Asclepias viridiflora North American distribution (courtesy BONAP)

Green-flowered milkweed grows in dry, open areas of grassy fields, slopes of goat prairies, roadside banks, and prairie openings.  It tends to grow in higher quality environments than disturbed ones.  It blooms later in the year from late June into August.  Best place to see it with any consistency is the limestone barrens and prairies of Adams county (e.g. Lynx Prairie).

Spider Milkweed, Antelope-Horn (Asclepias viridis)

Spider Milkweed (Asclepias viridis)
Spider Milkweed (Asclepias viridis)

The last and final species of Ohio native milkweed certainly isn't last in looks.  Right behind the Sullivant's milkweed on my list of favorites is spider milkweed (A. viridis); a showy and peculiar species of extreme southern Ohio. There's no other milkweed that looks like this species with its large, open green flowers.  It rarely grows more than a couple feet tall and is our most geographically-restricted species.

Asclepias viridis North American distribution (courtesy BONAP)

Spider milkweed is a southern species that barely makes it across the river and into Ohio at the northeastern fringes of its range.  It's locally common in the Adams county area in the prairie openings and limestone barrens as well as roadsides and dry fields.  It is one of our earliest blooming species that flowers starting in mid-late May into mid-June.

There you have it!  All 13 native species of Ohio milkweed in one helpful place.  I think each species stands out on its own and none are too hard to tell apart but that's why this post exists.  I hope you've enjoyed it and maybe have been introduced to species you didn't know our state had, or perhaps even existed!  If you have any comments, suggestions, or complains with the post feel free to let me know.  I'd like it to be as helpful and accurate as possible!

Monday, June 24, 2013

The Quest for the Western Wallflower

So much to see and do with so little time.  The theme my life revolves around more and more it seems as my list of plants and places ever grows.  For every successful sighting and experience I scratch off the list, two more are sure to be added.  It's the law of nature for this botanist but how could I complain?  I count myself among the lucky and am very thankful my passion and career only seems to grow in the number of things I want/need to accomplish; a product of the "more you know, the more you don't know" line of thought.  That being said, I made sure to make some time this late spring for an attempt at seeing one plant that had been on my radar for years.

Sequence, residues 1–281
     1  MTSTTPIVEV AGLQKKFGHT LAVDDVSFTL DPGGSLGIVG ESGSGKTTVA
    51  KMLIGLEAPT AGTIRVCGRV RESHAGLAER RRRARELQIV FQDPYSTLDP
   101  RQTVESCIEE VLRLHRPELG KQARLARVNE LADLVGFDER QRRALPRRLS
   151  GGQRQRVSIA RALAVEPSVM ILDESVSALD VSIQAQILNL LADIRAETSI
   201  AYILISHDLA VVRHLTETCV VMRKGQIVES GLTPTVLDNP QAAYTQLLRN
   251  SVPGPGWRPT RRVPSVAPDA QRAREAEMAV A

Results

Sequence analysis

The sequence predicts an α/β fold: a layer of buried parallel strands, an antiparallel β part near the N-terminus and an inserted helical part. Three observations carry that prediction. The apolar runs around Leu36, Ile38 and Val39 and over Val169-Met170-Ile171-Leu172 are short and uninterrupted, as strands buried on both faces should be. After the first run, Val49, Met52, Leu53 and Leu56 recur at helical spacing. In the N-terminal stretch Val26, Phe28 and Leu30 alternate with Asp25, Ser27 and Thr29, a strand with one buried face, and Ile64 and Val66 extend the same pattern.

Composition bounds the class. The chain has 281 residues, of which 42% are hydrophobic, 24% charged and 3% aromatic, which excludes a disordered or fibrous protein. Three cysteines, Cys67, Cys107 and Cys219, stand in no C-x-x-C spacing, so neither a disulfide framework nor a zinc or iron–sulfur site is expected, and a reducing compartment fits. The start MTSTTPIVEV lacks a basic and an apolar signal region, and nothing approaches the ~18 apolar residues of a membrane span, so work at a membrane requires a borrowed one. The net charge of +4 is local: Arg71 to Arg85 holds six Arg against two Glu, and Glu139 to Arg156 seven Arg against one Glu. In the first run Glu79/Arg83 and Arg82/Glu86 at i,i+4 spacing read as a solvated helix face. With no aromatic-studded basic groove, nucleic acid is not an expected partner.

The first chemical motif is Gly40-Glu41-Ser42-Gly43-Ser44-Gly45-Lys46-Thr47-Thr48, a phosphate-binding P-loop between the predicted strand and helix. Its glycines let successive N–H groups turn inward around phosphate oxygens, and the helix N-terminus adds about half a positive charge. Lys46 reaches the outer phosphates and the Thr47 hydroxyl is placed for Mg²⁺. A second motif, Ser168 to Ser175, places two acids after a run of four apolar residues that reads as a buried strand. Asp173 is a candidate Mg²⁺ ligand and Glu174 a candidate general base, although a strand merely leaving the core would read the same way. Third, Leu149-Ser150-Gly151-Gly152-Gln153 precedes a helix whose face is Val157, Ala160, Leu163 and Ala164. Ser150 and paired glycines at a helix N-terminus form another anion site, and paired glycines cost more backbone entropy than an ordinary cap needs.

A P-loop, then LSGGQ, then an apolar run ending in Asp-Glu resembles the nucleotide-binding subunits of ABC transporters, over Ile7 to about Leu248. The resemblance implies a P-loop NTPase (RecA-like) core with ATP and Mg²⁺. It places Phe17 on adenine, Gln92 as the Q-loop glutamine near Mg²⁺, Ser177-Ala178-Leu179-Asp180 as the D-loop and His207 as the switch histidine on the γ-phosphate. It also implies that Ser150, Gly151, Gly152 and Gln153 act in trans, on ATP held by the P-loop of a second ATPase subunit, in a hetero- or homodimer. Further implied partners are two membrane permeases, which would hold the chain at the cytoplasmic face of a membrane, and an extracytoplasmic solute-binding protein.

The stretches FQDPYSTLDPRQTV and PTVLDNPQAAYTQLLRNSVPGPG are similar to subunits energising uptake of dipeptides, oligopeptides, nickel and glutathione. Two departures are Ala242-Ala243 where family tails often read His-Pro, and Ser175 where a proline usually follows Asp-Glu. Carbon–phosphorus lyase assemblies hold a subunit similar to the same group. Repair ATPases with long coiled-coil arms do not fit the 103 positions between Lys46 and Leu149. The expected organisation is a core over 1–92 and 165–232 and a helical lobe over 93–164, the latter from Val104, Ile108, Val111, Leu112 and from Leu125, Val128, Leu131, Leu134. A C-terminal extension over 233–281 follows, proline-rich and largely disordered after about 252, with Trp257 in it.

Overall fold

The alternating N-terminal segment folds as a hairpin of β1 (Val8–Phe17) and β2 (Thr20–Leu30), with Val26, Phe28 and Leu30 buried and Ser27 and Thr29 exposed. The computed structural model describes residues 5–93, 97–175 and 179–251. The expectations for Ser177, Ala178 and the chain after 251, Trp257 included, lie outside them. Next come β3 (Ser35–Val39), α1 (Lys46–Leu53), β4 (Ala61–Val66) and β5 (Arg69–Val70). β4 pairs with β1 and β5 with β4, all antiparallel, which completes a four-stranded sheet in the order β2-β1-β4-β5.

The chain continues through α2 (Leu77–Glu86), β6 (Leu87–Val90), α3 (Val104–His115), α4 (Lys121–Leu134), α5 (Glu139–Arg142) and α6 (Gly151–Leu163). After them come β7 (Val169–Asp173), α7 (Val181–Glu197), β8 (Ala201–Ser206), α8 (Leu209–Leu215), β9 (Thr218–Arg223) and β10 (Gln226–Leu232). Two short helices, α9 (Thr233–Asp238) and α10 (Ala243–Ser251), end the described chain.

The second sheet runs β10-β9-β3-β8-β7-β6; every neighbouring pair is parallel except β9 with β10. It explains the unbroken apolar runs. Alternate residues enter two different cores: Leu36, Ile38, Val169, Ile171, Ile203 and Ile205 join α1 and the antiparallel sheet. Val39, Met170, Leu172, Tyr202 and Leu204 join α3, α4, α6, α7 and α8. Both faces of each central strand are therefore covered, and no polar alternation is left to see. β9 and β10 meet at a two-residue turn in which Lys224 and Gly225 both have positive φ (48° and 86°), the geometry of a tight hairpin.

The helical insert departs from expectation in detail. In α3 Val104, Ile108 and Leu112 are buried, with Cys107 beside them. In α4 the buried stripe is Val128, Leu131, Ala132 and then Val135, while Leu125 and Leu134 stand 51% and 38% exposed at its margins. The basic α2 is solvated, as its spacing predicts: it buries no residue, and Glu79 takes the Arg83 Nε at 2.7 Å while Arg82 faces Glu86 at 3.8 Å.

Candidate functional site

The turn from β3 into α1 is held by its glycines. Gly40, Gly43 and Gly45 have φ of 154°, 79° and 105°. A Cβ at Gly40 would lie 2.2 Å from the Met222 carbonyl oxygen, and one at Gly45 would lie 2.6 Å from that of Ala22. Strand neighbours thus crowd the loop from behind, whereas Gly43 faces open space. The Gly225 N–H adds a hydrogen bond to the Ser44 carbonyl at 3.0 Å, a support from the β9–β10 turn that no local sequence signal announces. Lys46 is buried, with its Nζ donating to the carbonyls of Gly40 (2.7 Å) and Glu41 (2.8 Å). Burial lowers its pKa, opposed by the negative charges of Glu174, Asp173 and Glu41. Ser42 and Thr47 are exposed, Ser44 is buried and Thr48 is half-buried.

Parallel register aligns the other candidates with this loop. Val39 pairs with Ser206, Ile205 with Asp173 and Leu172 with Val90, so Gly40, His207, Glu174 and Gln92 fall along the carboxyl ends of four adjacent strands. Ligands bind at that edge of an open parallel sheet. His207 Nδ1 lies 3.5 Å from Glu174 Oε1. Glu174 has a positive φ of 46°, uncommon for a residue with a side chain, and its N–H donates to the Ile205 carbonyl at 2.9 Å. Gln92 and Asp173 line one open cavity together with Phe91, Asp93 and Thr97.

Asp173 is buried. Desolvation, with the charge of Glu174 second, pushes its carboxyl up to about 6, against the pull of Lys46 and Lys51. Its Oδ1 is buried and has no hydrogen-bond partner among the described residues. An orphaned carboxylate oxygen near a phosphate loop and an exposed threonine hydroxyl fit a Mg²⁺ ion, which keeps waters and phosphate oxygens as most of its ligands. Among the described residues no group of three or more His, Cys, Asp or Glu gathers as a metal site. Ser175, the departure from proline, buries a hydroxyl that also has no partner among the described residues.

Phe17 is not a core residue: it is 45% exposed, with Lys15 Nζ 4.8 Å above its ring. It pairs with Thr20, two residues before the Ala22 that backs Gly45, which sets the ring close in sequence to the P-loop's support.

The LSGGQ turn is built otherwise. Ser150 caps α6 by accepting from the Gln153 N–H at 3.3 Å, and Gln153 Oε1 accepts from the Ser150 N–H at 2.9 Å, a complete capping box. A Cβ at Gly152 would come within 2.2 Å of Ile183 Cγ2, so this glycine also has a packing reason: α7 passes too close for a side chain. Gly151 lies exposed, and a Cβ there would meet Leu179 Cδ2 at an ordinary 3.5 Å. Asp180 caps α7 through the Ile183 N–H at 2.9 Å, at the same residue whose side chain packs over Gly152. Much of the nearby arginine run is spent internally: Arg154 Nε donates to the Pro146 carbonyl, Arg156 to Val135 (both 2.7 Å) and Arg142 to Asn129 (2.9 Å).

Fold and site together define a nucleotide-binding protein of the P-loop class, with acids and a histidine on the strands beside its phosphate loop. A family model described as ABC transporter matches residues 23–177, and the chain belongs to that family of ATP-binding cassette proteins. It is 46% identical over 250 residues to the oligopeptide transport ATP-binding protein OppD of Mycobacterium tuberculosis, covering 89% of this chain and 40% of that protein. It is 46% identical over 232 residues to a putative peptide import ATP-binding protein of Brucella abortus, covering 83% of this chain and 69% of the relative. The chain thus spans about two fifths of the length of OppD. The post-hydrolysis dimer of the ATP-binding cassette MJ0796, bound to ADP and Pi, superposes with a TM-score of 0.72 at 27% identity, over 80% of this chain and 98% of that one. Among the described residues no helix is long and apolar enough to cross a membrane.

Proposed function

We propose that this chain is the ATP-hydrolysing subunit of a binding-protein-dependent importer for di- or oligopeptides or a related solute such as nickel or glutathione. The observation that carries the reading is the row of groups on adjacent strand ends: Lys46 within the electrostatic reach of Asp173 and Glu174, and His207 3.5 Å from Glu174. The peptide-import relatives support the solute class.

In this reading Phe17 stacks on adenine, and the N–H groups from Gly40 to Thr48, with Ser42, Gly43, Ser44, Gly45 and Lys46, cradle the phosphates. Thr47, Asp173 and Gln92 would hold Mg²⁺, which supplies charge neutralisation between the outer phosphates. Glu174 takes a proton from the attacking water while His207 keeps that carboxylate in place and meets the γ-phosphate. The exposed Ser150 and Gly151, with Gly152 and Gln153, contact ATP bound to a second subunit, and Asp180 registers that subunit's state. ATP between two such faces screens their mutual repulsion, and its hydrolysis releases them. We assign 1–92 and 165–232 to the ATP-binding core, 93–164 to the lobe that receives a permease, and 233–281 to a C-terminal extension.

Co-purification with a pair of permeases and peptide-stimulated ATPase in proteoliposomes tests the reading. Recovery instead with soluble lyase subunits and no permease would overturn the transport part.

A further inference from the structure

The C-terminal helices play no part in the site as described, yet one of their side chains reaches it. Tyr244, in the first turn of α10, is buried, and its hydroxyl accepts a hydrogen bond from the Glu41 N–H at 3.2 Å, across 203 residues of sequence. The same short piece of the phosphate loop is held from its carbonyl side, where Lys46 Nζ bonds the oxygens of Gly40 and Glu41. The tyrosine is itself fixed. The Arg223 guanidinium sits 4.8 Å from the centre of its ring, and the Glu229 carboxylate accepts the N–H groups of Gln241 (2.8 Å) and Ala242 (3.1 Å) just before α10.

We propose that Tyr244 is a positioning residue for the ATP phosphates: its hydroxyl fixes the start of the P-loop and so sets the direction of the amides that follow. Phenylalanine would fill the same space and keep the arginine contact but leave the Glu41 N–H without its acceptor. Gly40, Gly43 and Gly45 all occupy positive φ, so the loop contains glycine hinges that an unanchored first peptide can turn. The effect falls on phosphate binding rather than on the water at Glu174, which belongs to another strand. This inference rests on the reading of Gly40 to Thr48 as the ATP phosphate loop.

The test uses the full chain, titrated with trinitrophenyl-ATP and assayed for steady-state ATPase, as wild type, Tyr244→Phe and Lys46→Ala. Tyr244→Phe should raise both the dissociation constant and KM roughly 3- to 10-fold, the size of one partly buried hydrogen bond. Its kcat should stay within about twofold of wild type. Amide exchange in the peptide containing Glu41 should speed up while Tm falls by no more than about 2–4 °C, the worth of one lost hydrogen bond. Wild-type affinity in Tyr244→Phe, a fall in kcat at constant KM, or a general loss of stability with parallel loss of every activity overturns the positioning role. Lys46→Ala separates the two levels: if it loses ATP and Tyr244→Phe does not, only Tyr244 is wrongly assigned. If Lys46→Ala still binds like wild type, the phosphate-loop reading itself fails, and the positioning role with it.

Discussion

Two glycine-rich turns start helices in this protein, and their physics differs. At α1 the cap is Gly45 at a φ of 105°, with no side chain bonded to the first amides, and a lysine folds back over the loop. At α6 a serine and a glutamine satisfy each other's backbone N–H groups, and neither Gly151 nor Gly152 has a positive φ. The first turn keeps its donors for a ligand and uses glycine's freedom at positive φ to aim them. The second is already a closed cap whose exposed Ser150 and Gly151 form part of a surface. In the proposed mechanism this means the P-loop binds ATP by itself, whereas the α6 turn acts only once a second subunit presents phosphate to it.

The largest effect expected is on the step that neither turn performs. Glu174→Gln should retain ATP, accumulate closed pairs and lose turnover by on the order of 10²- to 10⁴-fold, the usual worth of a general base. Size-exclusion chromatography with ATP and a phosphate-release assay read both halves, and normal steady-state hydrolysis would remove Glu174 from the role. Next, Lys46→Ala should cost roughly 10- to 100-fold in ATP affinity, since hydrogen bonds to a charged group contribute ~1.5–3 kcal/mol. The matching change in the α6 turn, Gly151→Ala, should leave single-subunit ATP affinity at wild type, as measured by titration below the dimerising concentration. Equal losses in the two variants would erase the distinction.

Looking east along the top of the limestone bluffs along the Ohio River 

Back in late May, myself and good friend Dan Boone, who is one of the best field botanists in the state decided to hunt down one of the rarest of the rare: the western wallflower (Erysimum capitatum).  Its only known site in the entire state of Ohio is along a stretch of steep limestone bluffs that hang a couple hundred feet above the Ohio River near the small town of Aberdeen.  Dan and I had a pretty good idea of where to look and were greeted by a very precipitous slope that made for a harrowing search.  In an awkward catch 22 situation, the dense thicket of bush honeysuckle (Lonicera mackii) allowed for something to grab and steady yourself on as our eyes scanned for a blip of unmistakable orange.  I never thought I'd be so thankful to have an invasion of honeysuckle around me.